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Changing social mores in the legal profession

By Richard Carlton

Richard CarltonThere is no evidence, anecdotally or otherwise, that the magnitude of the challenges experienced by legal professionals with substance abuse and mood disorders has waned in recent decades. If anything, the frequency of depression experienced by legal professionals has increased. From my somewhat unique perspective as the acting director of the State Bar’s Lawyer Assistance Program, what has appeared to change in recent years are the “social mores” with regard to acceptance of heavy drinking and related problems among legal professionals. 

Certainly the reception that I receive when I deliver continuing education presentations on the topics of attorney substance abuse, depression and stress has changed dramatically since I began speaking on these topics in 1987. When I delivered a talk at a law firm during the ’80s and ’90s, a chill would pass over the room the moment I set foot in the door, accompanied by some nervous snickering and occasional wisecracks. I had great difficulty making eye contact with anyone in the audience, and the question-and-answer period generally lasted less than 60 seconds. Today, I am generally greeted with smiles and nods of understanding. While not everyone in the room appears to be paying rapt attention to what I have to say, interaction with the audience, both in the form of questions and comments, is frequent.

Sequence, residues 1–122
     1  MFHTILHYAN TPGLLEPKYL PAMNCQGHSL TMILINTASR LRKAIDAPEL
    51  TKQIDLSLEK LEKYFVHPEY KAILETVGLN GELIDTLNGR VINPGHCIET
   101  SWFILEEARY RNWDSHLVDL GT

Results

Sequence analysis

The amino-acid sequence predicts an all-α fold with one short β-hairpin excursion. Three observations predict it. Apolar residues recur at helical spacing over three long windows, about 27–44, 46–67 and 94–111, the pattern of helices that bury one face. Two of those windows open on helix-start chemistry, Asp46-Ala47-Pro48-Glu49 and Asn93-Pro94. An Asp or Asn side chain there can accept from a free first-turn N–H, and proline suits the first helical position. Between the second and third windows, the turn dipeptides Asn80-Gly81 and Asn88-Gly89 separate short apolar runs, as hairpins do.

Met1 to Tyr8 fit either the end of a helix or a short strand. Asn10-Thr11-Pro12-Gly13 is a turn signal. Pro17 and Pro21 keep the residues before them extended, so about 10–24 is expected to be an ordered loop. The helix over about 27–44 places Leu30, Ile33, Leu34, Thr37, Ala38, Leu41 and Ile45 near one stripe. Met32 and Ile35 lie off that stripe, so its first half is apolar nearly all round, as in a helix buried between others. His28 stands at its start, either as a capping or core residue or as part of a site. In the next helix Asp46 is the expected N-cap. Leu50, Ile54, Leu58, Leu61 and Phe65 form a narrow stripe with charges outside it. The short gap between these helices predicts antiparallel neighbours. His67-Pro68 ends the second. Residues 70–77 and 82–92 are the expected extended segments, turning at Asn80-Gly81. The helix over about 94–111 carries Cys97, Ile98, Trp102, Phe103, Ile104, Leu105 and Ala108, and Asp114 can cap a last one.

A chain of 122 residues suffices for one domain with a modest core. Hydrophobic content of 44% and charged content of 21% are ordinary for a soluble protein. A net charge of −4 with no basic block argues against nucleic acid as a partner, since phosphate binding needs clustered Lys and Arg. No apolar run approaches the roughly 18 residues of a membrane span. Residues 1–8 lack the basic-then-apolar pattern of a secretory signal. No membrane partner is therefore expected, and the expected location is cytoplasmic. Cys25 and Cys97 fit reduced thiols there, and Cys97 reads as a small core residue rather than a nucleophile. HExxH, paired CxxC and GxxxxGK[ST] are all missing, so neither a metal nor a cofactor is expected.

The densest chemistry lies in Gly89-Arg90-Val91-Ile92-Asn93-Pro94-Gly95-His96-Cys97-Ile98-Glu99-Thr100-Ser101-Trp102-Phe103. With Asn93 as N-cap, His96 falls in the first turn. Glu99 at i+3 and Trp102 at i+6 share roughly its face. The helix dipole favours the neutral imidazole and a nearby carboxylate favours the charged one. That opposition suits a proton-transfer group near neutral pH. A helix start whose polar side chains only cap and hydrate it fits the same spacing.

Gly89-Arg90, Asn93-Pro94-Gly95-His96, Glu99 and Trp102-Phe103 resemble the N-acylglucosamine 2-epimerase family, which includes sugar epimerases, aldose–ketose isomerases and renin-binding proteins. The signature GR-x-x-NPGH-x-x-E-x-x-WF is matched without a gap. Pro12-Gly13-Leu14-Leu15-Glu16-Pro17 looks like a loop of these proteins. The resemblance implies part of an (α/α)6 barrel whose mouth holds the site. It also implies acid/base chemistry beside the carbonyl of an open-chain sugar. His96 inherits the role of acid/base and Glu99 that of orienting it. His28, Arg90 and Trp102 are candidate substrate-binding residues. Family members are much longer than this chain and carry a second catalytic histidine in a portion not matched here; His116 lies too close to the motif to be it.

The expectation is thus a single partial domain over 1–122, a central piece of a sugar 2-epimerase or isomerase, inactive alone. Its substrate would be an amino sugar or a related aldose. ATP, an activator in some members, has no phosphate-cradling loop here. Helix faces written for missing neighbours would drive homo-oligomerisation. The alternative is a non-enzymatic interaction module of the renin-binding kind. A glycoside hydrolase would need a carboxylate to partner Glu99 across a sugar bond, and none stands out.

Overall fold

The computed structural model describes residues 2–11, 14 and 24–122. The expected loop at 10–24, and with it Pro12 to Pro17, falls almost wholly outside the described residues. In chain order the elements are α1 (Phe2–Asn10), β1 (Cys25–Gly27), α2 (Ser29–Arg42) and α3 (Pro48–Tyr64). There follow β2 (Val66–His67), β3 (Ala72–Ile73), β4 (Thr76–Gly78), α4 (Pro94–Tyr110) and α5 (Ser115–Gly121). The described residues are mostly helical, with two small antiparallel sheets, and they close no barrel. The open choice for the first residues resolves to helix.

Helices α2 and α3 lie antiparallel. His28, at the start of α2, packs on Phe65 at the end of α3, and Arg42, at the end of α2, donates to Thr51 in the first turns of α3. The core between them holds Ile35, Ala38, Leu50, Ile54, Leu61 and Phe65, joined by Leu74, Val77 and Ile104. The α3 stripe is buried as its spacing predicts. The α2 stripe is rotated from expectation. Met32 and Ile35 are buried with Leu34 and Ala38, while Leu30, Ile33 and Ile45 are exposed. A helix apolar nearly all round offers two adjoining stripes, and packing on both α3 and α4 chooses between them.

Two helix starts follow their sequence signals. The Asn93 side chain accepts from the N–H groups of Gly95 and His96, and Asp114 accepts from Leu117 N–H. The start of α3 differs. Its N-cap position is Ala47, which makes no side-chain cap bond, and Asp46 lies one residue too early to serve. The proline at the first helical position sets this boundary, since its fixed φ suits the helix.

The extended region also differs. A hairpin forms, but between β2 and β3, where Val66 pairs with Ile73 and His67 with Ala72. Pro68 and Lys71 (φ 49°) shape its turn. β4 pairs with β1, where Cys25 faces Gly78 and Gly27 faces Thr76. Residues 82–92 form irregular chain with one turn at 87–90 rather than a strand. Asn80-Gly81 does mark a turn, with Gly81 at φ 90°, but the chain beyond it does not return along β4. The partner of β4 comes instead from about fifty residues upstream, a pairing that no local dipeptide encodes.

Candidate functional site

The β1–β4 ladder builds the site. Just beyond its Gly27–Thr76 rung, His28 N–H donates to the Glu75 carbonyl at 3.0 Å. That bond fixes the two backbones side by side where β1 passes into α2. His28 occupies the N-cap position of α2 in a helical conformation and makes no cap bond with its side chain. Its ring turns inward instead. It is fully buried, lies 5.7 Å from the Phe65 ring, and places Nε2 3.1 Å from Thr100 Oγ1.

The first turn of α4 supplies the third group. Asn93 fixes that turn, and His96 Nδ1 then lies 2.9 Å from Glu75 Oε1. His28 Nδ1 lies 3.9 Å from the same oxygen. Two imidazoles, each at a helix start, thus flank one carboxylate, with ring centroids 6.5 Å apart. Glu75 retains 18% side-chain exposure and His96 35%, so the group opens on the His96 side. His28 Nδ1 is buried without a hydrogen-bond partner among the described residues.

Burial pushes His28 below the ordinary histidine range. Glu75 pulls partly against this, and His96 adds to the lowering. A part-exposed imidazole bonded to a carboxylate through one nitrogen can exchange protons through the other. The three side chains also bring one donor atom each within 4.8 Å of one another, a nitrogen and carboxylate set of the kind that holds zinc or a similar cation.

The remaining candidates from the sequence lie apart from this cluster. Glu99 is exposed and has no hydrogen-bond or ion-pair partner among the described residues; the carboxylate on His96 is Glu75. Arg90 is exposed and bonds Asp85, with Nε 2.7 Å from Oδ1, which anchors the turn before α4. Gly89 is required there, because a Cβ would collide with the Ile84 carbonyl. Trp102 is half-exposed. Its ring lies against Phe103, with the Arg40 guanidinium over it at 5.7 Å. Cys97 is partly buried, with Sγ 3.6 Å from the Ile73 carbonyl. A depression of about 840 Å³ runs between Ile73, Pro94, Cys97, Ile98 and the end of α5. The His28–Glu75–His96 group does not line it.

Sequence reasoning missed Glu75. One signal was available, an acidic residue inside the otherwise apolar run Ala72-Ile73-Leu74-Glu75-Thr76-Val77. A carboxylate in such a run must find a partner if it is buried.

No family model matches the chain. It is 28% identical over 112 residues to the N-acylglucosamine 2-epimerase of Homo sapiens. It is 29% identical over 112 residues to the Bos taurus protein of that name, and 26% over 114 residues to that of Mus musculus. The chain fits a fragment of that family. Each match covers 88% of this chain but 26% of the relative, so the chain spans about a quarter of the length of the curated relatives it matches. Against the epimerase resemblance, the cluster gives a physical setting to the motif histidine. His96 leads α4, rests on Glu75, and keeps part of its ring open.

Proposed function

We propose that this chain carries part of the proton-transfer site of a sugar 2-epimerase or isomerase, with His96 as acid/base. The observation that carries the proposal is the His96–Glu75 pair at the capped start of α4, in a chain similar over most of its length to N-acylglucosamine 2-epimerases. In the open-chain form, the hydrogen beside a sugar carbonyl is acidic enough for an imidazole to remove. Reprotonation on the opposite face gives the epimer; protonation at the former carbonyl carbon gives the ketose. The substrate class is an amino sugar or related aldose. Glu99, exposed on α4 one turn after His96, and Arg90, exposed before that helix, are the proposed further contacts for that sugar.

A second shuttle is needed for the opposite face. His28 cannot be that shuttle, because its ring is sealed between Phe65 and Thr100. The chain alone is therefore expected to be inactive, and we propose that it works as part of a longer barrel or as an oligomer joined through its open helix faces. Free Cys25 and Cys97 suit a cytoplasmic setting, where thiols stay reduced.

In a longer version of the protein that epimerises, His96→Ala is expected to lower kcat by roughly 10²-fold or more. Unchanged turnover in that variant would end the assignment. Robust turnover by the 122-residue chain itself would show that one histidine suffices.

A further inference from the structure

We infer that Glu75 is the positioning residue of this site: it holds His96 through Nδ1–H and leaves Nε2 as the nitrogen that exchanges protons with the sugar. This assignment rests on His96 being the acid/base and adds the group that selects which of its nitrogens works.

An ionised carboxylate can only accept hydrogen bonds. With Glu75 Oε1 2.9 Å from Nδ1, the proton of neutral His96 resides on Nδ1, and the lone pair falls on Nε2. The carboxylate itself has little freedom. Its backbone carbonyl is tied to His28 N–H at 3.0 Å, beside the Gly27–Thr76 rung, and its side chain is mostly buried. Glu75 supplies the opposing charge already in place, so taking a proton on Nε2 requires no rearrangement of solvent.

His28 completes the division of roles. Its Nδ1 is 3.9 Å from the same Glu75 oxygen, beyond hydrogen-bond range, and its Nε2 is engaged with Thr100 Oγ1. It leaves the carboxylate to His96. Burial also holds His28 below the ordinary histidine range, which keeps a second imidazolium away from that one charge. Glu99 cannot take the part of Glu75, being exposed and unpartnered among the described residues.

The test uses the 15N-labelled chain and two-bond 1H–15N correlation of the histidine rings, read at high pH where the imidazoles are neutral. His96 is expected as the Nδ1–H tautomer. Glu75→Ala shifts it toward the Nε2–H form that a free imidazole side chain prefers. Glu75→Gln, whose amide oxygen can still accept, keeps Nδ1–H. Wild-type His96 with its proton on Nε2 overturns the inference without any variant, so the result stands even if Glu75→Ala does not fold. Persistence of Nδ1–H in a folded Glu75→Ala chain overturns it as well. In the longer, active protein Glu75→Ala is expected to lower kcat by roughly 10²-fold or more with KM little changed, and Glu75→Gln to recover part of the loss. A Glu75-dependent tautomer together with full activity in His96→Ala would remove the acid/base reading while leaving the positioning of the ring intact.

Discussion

Also, the almost institutional denial of the scope of these problems that existed when I started in 1986 — prior to the implementation of Minimum Continuing Legal Education requirements that every member of the bar obtain one unit of continuing education in the detection and prevention of substance abuse and mental illness every three years — has abated. Twenty-plus years of this MCLE requirement appears to have resulted in a membership that is generally more aware of the occurrence of these problems.

Knowledge of available resources to assist the bar with these problems has increased as well, thanks in large part to MCLE presentations, but also to the more easily accessible programmatic information found via the internet. Today, when I ask attorneys who contact our program how they found us, by far the most common response is the State Bar’s website. Knowing that the web is where attorneys and bar applicants bar go to find out if they might benefit from our services, I decided to make it easier and more entertaining to learn about the benefits of participating in our program by posting two short videos online. The videos feature actual participants in the LAP program, as well an explanation of the consultation process and how to reach us. Please check us out by going to the section about LAP on the State Bar website and clicking on our video link. Thanks for visiting with me.

Richard Carlton is the acting director of the State Bar’s Lawyer Assistance Program.